My ever patient partner assisted (supervised) this final effort until getting called away to assist a neighbor.  And from there to another neighbor’s yard, and then to another.

His work out may have been more strenuous than mine, but we all now have covered outside faucets, covered foundation vents, and we’re as ready as we can be for the prolonged stretch of  cold ahead.

 

This winter I'm using watering globes to care for the indoor plants.  Neater, they offer a nearly constant supply of moisture.

This winter I’m using watering globes to care for the indoor plants. Neater, they offer a nearly constant supply of moisture.  The fern hasn’t yet adjusted to the drier inside air.

 

And at noon our local weather guy confided that we may have some “Bay effect snow” by Saturday morning.

That seems to be the way our forecasts evolve around here.  They prepare you for a little change, and then the forecast continues to shift towards the extremes as the system progresses.

We are promised only rain this evening.  And I can feel the falling barometer and approaching storm in all of the usual places….

 

A final photo of our roses before I cut them.

A final photo of our roses before I cut them.

 

 

But we have today to enjoy the garden before Frost’s icy fingers have their way with it.  I’ve moved all those things for which there is simply no spot inside up against a brick wall on the patio.

Petunias survived there two winters ago.

Our sheltered patio provides a microclimate which stays warmer during the winter.  Petunias survived all winter here in 2012, and I hope tender plants will survive here this winter, also.

Our sheltered patio provides a micro-climate which stays warmer during the winter. Petunias survived all winter here in 2012, and I hope tender plants will survive here this winter, also.

 

They began blooming again in February, and just kept going right on through the following summer.  That gives me hope that the few geraniums and succulents I couldn’t bring in have a chance to survive.

And the little olive trees I’ve been nurturing along in pots should make it there, too.

 

Although the Colocasias look unhappy, the ginger lilies have managed fine in our cool nights.  They will all crumple when hit with freezing temperatures this weekend.

Although the Colocasias look unhappy, the ginger lilies and Canna lilies have managed fine in our cool nights. They will all crumple when hit with freezing temperatures this weekend.

 

I’ve read they are growing olives in parts of England, now.  I hope these are hardy enough to survive our winter outside, in this sheltered spot.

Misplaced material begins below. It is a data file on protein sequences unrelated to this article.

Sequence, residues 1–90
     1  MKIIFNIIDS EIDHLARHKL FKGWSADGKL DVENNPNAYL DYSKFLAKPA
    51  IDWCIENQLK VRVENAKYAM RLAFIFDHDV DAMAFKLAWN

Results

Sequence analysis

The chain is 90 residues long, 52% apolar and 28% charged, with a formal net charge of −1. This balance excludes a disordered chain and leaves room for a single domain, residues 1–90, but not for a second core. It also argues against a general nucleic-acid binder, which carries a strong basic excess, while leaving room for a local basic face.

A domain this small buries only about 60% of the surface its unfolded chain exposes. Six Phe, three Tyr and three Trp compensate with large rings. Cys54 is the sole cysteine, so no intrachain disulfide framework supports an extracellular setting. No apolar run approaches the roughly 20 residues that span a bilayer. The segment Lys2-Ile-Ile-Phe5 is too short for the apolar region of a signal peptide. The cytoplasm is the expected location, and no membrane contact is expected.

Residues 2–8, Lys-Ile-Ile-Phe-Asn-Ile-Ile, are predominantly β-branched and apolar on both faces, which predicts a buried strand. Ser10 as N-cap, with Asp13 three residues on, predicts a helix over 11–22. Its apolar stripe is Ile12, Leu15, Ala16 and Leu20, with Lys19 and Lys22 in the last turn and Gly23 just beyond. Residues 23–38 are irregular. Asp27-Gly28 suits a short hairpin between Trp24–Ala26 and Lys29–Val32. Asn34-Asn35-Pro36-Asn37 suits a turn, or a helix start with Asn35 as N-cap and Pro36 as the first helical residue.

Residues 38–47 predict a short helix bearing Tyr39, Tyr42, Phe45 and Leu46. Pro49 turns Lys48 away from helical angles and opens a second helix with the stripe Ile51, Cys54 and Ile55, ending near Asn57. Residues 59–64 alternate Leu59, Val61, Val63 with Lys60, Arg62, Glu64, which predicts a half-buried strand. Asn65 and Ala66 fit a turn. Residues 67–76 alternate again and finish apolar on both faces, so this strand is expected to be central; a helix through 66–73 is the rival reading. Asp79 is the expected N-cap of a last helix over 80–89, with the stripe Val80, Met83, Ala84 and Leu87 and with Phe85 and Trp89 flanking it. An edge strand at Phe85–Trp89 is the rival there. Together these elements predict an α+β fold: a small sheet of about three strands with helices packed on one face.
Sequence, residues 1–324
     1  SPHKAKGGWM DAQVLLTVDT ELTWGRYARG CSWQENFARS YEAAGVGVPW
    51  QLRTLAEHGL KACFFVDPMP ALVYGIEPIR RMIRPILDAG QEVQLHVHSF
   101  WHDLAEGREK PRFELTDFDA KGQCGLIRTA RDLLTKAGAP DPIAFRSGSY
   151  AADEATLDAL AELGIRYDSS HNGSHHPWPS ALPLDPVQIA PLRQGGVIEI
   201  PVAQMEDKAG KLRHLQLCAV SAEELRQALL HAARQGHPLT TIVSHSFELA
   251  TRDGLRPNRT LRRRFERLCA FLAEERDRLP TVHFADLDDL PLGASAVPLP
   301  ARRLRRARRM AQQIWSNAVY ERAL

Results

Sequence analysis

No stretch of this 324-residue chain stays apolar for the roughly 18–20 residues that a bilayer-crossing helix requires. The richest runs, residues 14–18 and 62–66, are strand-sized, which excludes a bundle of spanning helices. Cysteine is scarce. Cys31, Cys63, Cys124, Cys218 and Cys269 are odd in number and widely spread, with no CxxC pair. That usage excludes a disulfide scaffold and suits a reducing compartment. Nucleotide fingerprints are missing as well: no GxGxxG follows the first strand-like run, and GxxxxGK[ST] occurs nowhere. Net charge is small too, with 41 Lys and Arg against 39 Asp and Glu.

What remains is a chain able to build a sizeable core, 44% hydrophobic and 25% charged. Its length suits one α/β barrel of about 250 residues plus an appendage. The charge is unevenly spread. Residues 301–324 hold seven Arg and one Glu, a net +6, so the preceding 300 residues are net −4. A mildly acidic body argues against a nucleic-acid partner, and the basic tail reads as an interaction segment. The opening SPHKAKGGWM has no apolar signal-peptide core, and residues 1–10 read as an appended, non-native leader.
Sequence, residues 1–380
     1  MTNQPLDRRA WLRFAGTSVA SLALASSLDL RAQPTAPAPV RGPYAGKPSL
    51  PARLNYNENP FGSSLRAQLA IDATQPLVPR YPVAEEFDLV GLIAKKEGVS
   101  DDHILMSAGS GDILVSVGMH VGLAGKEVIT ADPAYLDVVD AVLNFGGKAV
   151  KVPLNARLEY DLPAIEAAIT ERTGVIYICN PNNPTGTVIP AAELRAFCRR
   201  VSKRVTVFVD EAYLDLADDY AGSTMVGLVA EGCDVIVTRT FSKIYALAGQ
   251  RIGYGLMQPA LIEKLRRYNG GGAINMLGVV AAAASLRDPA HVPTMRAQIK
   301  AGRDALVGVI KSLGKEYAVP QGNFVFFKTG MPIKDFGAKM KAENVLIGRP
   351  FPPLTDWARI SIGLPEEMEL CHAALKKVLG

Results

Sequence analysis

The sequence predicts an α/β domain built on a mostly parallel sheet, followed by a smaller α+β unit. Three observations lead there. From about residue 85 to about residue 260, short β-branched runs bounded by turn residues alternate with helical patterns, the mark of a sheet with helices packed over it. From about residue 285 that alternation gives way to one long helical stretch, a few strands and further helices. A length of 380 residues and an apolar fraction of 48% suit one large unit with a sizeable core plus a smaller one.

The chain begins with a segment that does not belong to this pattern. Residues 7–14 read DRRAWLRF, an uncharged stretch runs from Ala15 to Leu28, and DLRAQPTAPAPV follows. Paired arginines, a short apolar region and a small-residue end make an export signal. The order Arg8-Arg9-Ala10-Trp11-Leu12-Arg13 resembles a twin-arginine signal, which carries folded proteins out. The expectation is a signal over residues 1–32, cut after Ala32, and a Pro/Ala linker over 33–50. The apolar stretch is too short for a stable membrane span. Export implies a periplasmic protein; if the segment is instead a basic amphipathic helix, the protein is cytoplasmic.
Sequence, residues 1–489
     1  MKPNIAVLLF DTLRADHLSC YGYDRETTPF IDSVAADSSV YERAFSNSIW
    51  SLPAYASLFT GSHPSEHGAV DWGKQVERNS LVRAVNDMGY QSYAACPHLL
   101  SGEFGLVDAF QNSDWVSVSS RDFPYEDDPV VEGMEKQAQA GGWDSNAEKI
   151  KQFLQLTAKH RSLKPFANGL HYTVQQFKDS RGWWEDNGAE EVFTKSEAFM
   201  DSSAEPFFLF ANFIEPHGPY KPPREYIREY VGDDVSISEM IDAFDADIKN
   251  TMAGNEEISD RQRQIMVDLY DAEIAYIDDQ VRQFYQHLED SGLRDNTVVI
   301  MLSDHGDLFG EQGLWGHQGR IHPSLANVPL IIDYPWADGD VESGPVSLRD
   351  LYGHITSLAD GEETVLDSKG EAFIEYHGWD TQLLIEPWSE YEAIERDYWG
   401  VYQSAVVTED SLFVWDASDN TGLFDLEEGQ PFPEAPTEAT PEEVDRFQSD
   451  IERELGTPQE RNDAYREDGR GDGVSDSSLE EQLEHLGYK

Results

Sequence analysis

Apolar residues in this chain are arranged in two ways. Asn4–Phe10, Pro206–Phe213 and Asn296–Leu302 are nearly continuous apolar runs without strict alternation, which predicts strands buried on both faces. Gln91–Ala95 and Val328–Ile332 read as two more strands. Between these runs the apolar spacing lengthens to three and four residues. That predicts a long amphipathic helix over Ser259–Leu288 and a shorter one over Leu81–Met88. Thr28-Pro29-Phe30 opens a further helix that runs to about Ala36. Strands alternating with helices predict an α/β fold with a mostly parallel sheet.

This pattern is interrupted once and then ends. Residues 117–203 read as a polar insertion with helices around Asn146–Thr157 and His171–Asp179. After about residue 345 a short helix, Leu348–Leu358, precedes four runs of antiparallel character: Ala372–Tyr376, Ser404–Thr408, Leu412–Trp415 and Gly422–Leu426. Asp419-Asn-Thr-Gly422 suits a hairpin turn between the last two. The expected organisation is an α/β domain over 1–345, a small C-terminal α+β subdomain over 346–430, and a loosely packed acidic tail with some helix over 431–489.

They traveled in and out, as the weather shifted, last winter.  It got to be quite a chore, but the olive trees  were in much smaller pots then, too.

 

November 12, 2014 golden day 194

 

And the many Violas we’ve planted will be fine.  They will shrug off the cold.

We’ve planted lots of ornamental kale, a pot of Swiss chard, hardy ferns, bulbs, and our beloved Violas.

Our garden will continue through the winter, even though much will go with  the coming  frost.

 

Camellia

Camellia

 

 

So, we are bracing ourselves for what we’ll find Saturday morning.

The landscape continue to edit and simplify itself.  As the brilliant leaves  fall from their branches, so will our Ginger lilies and Cannas also crumple to the ground.

 

Iris "Rosalie Figge" normally blooms into December for us in Williamsburg.  This is our favorite, and most prolific, re-blooming Iris.

Iris “Rosalie Figge” normally blooms into December for us in Williamsburg. This is our favorite, and most prolific, re-blooming Iris.

 

 

The bright Salvias will shrivel back to the soil.  The Lantana will lose its leaves, though the berries will remain until cleaned up by the birds.

Basil will freeze beside the stalwart Rosemary, which grows and blooms all winter long.

Mexican Petunia, a consistent bloomer all summer, won't survive a freeze.  But its roots are hardy.  It should return in this pot by early summer.

Mexican Petunia, a consistent bloomer all summer, won’t survive a freeze. But its roots are hardy. It should return in this pot early next summer.

 

The last of autumn’s roses will soon freeze, but the Camellias will continue to bloom until spring.

 

I harvested roses and Basil, scented Pelargonium and ivy ahead of the coming rain and cold.  We'll enjoy them a few more days inside.

I harvested roses and Basil, scented Pelargonium and ivy ahead of the coming rain and cold. We’ll enjoy them a few more days inside.

 

It is the way of things, this annual turning of the seasons. 

Butterfly tree produces wonderful turquoise blue seeds, which are much loved by the birds.  Only a few remain.

Butterfly tree produces wonderful turquoise blue seeds, which are much loved by the birds. Only a few remain.

 

Something is always coming on, and something is always fading in the garden.    And we are endlessly fascinated as we witness the changes which come each and every day.

 

 

Photos by Woodland Gnome 2014

 

December 13 2013 poinsettias 003Holiday Wreath Challenge

One Word Photo Challenge: Fuchsia

September 30, Fuschia 006

Fucshia remains one of my favorite plants, and one of my favorite colors.

Both the plant, and the color, attract hummingbirds.

Once we realized we had a community of hummingbirds in our garden, I determined to grow baskets of Fuchsia on our mostly shady deck to attract them.

Since our first spring here in our Forest Garden, I’ve included Fuchsias and fuchsia colored flowers in our potted garden on the deck.